Tomas belongs to the Czech intellectual class, which was silenced after the Soviet invasion of Prague. An internationally known surgeon, Tomas is stripped of his career because he refuses to renounce an anti-Czech Communist article he wrote. This single article puts him in grave danger, although he is not a committed or active political dissident. Ideally, Tomas would like to avoid political parties and society altogether in favor of being a free agent and independent thinker who acts as he chooses. After losing the privilege of practicing medicine, Tomas becomes first a window washer and then a farmer, descending to the lower rungs of society in search of a peaceful life.
As a man, Tomas attempts to practice a philosophy of lightness. He considers sex and love two separate and unrelated entities; he sleeps with many women, and loves one woman (Tereza), and sees no problem with the simultaneous existence of these two ac tivities.
Although Tomas is an intellectual and a thinker, he is no romantic idealist like Simon or Franz. His lover Sabina calls him the "complete opposite of kitsch," or the complete opposite of the shiny, perfect ideals of politics and love. Tomas cannot take seriously the laws on which politics and romantic fidelity are based. His pragmatism, experience, and individualism make him unwilling to identify himself as a political liberal or as a faithful husband. Consequently, most of the characters misi nterpret Tomas; the police and his hospital colleagues think him a dissident, and dissidents think him a coward.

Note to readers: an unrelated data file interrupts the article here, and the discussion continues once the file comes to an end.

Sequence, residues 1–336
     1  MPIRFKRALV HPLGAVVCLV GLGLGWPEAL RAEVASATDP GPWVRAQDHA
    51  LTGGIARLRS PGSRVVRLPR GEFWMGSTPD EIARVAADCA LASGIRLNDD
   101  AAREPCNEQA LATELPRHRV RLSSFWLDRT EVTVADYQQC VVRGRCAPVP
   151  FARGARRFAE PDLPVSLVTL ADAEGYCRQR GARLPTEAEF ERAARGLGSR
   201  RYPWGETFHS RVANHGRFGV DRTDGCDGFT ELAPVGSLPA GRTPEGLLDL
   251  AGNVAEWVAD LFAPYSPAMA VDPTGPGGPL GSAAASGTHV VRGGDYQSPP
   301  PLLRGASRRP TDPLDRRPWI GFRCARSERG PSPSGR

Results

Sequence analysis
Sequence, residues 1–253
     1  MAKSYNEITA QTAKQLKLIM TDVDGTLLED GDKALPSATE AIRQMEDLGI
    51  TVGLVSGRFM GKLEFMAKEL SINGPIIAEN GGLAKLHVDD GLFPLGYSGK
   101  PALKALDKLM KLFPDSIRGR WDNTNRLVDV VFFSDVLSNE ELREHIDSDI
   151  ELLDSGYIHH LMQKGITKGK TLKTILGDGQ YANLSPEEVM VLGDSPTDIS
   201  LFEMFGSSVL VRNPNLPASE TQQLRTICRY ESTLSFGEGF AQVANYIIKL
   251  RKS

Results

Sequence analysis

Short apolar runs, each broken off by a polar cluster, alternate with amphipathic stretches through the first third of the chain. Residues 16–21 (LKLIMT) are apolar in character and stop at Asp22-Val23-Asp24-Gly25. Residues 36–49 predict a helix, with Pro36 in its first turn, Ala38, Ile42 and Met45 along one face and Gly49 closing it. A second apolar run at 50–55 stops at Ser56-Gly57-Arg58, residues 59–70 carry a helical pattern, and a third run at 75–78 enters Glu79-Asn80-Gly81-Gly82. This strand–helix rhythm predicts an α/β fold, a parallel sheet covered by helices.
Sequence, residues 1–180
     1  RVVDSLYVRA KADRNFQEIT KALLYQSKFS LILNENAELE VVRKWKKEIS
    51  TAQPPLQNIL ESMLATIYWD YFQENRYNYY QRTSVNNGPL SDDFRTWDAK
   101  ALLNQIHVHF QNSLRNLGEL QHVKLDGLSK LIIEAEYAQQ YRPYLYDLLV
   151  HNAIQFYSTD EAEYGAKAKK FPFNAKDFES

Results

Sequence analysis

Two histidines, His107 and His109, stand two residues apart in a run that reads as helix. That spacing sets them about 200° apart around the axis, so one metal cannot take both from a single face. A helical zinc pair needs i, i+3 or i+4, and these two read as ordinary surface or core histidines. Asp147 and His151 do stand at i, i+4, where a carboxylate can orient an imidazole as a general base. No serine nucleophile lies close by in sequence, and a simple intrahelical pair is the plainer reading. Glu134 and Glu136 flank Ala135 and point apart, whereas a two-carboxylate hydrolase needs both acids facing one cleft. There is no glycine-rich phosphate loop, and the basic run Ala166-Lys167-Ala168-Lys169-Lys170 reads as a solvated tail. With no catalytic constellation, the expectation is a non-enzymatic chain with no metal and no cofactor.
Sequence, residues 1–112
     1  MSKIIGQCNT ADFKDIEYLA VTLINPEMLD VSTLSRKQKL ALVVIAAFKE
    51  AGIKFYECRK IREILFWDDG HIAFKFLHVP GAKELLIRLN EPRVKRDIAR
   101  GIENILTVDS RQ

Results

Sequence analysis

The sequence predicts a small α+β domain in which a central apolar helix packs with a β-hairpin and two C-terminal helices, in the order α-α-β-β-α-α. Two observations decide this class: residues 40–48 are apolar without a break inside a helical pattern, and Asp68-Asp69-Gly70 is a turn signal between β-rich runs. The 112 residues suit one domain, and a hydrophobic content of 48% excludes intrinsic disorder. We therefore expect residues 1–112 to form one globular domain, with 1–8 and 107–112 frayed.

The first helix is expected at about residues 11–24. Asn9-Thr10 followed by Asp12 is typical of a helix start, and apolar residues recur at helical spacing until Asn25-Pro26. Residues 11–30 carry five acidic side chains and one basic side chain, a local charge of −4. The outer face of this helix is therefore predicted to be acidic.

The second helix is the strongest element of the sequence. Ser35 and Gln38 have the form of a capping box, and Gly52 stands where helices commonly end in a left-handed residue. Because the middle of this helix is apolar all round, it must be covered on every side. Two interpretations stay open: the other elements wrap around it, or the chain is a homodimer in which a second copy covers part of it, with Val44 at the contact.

Tomas's character does not fundamentally change over the course of the novel. Instead, Tomas gains a modicum of heaviness. He also grows a little more cynical, as he becomes uncertain of his once firm views on life and being. His love for Tereza and eventual exile to the countryside curb his erotic adventures, but he never necessarily loses the desire for sex with many anonymous partners, or the conviction that such a desire is no crime.